An interesting concept and creative gameplay helps Mainlining stand out despite disappointing and often frustrating control implementation on the Nintendo Switch.
The player is part of MI-7, an elite branch of the government approved by the “Blue Pill Act” to have unprecedented access to computer files and a sophisticated mainlining system that can easily hack any computer or website. A group of hackers unhappy with MI-7’s lack of access restrictions resolves to take down the system, while also conducting various shady acts on the side. While the story has multiple twists and turns, the real meat of the game comes from its unique approach to story telling. Told entirely through text on screen, either via interdepartmental chat, emails, or documents found on various computers – it is up to the player to decide how far into each character’s world they want to delve while also causing you to question where to draw the line in terms of privacy when it comes to solving a case.
Mainlining’s greatest strength comes from its unique approach to gameplay and storytelling. The entirety of the game takes place inside a simulated computer desktop. You never see your character or the various characters you interact with aside from basic mug shots and all information is relayed via text. There are no voice overs. No cut scenes. Only you and a computer desktop.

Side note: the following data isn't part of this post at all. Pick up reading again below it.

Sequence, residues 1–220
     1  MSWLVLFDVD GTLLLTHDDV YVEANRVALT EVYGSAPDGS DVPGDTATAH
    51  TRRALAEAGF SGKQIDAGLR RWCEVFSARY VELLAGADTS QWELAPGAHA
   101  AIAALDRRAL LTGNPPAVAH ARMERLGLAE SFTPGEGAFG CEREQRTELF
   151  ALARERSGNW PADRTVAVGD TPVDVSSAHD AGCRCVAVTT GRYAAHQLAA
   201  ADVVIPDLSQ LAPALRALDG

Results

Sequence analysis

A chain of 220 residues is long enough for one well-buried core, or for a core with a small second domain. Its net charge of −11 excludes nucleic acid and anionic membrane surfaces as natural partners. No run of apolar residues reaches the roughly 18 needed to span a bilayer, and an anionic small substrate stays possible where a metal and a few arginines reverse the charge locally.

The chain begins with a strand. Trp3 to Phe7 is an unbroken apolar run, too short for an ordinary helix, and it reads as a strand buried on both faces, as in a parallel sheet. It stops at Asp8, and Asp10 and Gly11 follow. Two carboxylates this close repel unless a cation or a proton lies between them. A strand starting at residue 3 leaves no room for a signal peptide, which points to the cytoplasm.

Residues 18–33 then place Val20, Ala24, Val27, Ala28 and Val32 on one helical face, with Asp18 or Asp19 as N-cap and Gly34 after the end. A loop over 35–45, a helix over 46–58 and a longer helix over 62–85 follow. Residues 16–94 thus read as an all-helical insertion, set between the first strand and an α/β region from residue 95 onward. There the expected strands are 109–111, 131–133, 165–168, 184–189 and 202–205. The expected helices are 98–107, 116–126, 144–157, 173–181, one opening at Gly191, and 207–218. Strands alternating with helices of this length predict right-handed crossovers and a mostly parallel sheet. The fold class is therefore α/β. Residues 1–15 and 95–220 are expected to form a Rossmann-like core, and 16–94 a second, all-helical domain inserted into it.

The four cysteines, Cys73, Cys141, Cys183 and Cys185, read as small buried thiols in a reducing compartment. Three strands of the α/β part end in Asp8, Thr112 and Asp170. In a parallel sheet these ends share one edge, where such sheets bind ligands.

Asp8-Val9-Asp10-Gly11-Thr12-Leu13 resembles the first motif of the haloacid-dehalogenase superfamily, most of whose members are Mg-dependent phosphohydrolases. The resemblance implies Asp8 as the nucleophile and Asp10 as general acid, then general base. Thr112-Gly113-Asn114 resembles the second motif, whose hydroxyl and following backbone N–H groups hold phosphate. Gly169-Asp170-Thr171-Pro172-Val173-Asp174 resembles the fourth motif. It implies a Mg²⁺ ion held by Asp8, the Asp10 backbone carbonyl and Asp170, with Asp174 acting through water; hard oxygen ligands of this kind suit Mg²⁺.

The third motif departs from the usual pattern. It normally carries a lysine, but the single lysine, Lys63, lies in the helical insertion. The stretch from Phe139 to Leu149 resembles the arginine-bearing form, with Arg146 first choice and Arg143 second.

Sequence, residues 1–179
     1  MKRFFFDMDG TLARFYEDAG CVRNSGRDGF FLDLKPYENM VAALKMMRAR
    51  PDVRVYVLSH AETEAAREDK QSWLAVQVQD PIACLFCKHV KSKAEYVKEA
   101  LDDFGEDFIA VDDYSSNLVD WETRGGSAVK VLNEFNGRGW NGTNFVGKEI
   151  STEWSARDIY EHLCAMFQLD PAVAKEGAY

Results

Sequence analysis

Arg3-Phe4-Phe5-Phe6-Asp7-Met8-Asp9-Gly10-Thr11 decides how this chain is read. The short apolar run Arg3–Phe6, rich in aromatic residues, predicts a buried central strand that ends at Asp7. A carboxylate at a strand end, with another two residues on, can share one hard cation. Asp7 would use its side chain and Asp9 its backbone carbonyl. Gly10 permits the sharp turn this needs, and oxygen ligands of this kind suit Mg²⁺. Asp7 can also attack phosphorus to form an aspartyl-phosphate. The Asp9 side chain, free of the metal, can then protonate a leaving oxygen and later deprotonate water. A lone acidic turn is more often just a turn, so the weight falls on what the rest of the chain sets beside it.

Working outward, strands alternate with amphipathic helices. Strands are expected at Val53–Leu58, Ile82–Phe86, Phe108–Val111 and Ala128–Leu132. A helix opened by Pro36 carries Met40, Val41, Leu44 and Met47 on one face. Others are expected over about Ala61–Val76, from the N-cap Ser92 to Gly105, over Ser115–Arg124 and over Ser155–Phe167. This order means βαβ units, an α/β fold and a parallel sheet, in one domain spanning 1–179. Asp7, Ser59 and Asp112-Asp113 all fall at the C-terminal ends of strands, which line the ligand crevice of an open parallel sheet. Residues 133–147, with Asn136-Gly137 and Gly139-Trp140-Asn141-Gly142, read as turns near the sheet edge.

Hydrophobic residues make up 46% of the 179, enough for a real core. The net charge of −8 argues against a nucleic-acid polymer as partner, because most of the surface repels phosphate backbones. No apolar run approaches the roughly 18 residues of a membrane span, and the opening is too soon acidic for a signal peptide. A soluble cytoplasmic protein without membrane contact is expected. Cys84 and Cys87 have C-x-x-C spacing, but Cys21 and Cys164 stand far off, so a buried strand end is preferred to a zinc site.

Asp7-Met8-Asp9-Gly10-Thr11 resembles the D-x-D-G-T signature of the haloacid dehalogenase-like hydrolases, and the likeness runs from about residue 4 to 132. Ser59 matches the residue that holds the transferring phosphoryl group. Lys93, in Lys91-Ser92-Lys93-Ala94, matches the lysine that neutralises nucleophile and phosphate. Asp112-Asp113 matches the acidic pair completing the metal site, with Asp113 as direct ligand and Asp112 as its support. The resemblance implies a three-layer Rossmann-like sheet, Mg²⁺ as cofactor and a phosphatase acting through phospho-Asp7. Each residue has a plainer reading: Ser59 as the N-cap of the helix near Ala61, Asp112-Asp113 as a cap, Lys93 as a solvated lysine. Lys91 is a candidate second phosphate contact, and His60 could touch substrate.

Mainlining is divided into 12 chapters, each involving a specific character you need to arrest. The player must use all means accessible to find evidence of the crime, the location of the perpetrator, and who the criminal is. Often you may be lost as to where to look, but you have multiple tools at your disposal including the mainlining system which allows you to ping websites for IP information and then hack those websites to scan for documents. You can then read or download the documents on that website, which will often give you a clue as to where to look next.
You’ll receive emails from various sources, sometimes giving you IP addresses, sometimes with pictures or maps, sometimes with a website address. Players must learn to have a keen eye for observation, as many times what you’re looking for is not apparent. A seemingly pointless website may have an email address which can then lead you to another website to hack, an employee’s blog post about his favorite drink might have hidden connotations, a chat with co-workers might lead you to look up a school’s website, etc.
It is a novel approach to gameplay, leaving the player to their own devices to find answers. While there is set criteria which you need to make an arrest, it is left to you to figure out how to find it and how far into these people’s lives to delve. There are multiple plot threads you can follow just by reading various documents hidden on other servers which have no effect on the main story.
Also, there is a hilarious series of emails from a desperate-for-love secretary which continues throughout all 12 cases and is worth playing through the game on their own.